A pilot clinical trial carried out by researchers at the Ohio State University Wexner Medical Center in the US demonstrated that deep brain stimulation (DBS) could slow the decline of problem-solving and decision-making skills in patients with Alzheimer’s disease.

Claimed to be the first use of DBS for Alzheimer’s, the trial targeted the brain’s behavioural regulation region.

To investigate the effect of a brain pacemaker on cognitive, behavioural, and functional abilities, three patients were surgically implanted with thin electrical wires into the frontal lobes of their brain.

Unlike existing treatments that focus on improving a patient’s memory, the current method aimed at slowing the decline of overall performance and found that all three subjects experienced improvement.

“The current method aimed at slowing the decline of overall performance and found that all three subjects experienced improvement.”

Wexner Medical Center Neurological Institute Cognitive Neurology division director Dr Douglas Scharre said: “We have many memory aids, tools and pharmaceutical treatments to help Alzheimer’s patients with memory, but we don’t have anything to help with improving their judgments, making good decisions, or increasing their ability to selectively focus attention on the task at hand and avoid distractions.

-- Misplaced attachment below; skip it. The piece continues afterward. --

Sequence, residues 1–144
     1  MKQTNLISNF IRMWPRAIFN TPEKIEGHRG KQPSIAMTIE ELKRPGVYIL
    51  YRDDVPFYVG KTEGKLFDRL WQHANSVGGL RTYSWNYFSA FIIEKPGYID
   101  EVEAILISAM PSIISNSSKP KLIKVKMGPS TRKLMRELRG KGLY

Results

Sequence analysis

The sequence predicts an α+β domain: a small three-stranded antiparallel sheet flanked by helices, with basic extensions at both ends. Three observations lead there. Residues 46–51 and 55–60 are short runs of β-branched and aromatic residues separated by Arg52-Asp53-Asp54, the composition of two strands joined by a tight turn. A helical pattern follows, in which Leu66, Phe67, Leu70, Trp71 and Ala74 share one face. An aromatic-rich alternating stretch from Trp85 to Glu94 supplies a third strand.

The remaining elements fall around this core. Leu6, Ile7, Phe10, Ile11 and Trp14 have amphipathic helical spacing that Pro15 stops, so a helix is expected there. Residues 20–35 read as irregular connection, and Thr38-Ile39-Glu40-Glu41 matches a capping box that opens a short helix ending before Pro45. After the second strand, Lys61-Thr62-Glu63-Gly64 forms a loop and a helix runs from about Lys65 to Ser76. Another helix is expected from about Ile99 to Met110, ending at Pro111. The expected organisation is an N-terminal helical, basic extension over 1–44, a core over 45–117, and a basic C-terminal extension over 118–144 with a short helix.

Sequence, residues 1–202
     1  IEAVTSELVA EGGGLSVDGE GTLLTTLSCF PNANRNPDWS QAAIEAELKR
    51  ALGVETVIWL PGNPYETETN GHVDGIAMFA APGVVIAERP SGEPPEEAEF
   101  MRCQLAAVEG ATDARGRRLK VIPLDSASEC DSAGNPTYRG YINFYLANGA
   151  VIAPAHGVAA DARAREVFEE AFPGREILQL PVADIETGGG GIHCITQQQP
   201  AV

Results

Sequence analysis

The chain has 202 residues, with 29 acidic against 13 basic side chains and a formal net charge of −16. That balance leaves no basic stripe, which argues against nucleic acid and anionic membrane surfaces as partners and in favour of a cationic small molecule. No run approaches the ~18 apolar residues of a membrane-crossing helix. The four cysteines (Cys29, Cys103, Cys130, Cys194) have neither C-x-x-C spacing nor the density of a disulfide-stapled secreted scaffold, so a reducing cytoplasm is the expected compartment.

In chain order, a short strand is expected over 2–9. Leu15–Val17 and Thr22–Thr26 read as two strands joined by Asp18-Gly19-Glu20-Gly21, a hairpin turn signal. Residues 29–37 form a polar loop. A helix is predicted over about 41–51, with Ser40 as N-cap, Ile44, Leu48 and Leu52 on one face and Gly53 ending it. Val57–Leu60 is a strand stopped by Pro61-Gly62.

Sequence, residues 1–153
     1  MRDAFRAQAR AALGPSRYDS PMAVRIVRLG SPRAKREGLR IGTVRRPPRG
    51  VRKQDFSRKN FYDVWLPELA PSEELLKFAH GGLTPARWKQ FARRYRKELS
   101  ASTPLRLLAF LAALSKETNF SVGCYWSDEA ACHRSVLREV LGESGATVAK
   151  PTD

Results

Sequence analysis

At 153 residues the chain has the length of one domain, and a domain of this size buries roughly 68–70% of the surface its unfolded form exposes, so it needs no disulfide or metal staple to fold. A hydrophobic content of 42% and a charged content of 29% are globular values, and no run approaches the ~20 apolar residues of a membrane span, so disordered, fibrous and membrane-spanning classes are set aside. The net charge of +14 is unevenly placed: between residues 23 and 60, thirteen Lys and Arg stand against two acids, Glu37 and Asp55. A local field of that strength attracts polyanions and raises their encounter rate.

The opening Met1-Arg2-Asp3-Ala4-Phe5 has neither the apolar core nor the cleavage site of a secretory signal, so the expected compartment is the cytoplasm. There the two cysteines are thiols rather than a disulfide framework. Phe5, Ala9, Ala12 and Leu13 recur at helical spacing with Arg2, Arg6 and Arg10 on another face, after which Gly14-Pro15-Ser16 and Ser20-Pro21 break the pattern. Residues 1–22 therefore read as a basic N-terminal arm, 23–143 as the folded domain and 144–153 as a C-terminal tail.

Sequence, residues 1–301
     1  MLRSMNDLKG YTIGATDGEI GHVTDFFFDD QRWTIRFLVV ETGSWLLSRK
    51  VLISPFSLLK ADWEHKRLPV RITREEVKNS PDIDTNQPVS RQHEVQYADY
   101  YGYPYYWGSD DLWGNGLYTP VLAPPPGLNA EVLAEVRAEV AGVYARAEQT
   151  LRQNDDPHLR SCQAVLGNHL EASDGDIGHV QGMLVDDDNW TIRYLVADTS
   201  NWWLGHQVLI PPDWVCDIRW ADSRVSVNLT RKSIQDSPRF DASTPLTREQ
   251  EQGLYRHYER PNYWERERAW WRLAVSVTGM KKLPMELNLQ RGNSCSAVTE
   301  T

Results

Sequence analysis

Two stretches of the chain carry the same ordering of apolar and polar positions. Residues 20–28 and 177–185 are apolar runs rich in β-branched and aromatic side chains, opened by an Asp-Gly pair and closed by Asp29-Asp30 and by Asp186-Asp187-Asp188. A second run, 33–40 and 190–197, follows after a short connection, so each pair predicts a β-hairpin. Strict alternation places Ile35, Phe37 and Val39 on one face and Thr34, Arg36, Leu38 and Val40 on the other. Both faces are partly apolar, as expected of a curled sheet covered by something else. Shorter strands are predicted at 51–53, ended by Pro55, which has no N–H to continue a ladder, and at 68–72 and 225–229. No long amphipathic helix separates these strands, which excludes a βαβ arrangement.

“The frontal lobes are responsible for our abilities to solve problems, organise and plan, and utilise good judgments.

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“By stimulating this region of the brain, the Alzheimer’s subjects cognitive and daily functional abilities as a whole declined more slowly than Alzheimer’s patients in a matched comparison group not being treated with DBS.”

The researchers are currently planning to investigate the capability of non-surgical methods in stimulating the frontal lobe, for delivering a less invasive option to slow down Alzheimer’s symptoms.